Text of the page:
In its report – Managing Corruption Risks Associated with Conflicts of Interest in the Victorian Public Sector, Victoria’s Independent Broad-based Anti-Corruption Commission (IBAC) identified some misconceptions about disclosing and managing conflicts of interest. IBAC explains that there are five myths relating to conflict of interest:
Myth 1: A public sector officer with a conflict of interest is corrupt.
Myth 2: It’s more important that I get the job done quickly.
Myth 3: Conflicts of interest can always be avoided.
Myth 4: There is no conflict because I can act fairly and without bias.
Myth 5: I told my manager about the conflict of interest, that’s all I need to do.
South Australia’s Independent Commission Against Corruption has also recently reminded public sector agencies how conflicts should be disclosed and managed. The approach makes sense for the VPS too:
“There should be open and regular discussion with public officers about how to deal effectively with conflicts of interest.”
There are three fundamental principles when it comes to conflicts of interest:
- Identify — Public officers must be aware of their personal interests, public duties and responsibilities, and conflict or perception of conflict in order to identify a conflict of interest.
- Disclose — Conflicts of interest should be disclosed — in writing to a manager, supervisor, or agency head — as soon as practicable. Warning that intentionally inaccurate disclosures could ‘give rise’ to corruption allegations, and that disclosures must contain enough information to allow them to be managed effectively.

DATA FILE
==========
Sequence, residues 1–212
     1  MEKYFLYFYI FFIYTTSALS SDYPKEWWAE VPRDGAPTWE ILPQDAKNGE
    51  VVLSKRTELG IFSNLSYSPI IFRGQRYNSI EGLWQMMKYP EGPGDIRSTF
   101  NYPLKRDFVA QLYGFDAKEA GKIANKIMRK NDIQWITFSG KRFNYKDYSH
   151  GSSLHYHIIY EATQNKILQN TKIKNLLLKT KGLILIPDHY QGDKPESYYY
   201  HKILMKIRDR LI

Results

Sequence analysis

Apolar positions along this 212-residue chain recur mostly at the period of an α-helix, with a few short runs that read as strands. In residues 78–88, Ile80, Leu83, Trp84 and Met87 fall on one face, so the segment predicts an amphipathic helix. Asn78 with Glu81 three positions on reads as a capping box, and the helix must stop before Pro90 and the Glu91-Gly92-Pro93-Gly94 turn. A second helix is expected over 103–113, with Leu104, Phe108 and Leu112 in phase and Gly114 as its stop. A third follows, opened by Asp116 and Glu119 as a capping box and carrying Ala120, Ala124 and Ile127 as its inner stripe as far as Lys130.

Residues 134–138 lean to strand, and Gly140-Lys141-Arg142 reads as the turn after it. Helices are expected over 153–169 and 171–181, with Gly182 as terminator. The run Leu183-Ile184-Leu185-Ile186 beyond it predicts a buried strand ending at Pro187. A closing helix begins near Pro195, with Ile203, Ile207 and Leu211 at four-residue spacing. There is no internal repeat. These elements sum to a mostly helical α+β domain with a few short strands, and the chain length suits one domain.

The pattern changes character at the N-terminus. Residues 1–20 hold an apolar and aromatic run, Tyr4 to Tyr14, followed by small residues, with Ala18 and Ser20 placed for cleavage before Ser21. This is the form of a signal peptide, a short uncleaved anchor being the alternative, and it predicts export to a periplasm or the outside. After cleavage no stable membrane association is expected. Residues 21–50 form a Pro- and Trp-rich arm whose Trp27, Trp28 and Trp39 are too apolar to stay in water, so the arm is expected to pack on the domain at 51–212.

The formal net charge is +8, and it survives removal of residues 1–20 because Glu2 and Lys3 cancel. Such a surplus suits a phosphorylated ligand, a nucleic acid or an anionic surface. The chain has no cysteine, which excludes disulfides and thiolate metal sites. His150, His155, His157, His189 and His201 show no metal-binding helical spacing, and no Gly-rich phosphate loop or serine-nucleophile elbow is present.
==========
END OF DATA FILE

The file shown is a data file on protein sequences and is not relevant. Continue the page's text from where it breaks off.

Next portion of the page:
- Manage — Public servants should involve a more senior public officer in the management of the conflict, who should then review, assess, and plan the management of the disclosure.
“Most importantly, public authorities should regularly instruct their staff on their conflict of interest obligations. Conflicts of interest are a recurring incident of the work of all public officers; likewise the obligations should be regularly restated.”
It is inevitable that VPS personnel will have conflicts of interest to disclose when one considers the broad definition which includes perceived conflicts and conflicts of duty relating to work dealings with current service providers. Particularly in niche areas or within an industry sector, VPS personnel have a variety of relationships with providers and their staff: friendships developed over time with personnel of providers; working relationships with providers; former employment connections; professional networks, etc. It’s a principle stated in Victorian Government Purchasing Board probity guidance that personnel with appropriate capability including subject matter expertise are involved in making procurement recommendations. So, rather than excluding personnel on account of their conflicts of interest, it is often preferable to retain their expertise within the evaluation process whilst requiring them to disclose and manage any conflicts.
So next time you get asked about your work-related conflicts of interest, there’s no need to feel uncomfortable. Conflicts of interest are only bad if they are not declared and actively managed.
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Conflict of Interest, VPSC
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A participant in the UN Global Compact, CourtHeath seeks to raise awareness about the Sustainable Development Goals and the principles of the Global Compact with business and government organisations in Victoria
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[procurement, conflict of interest, VPS]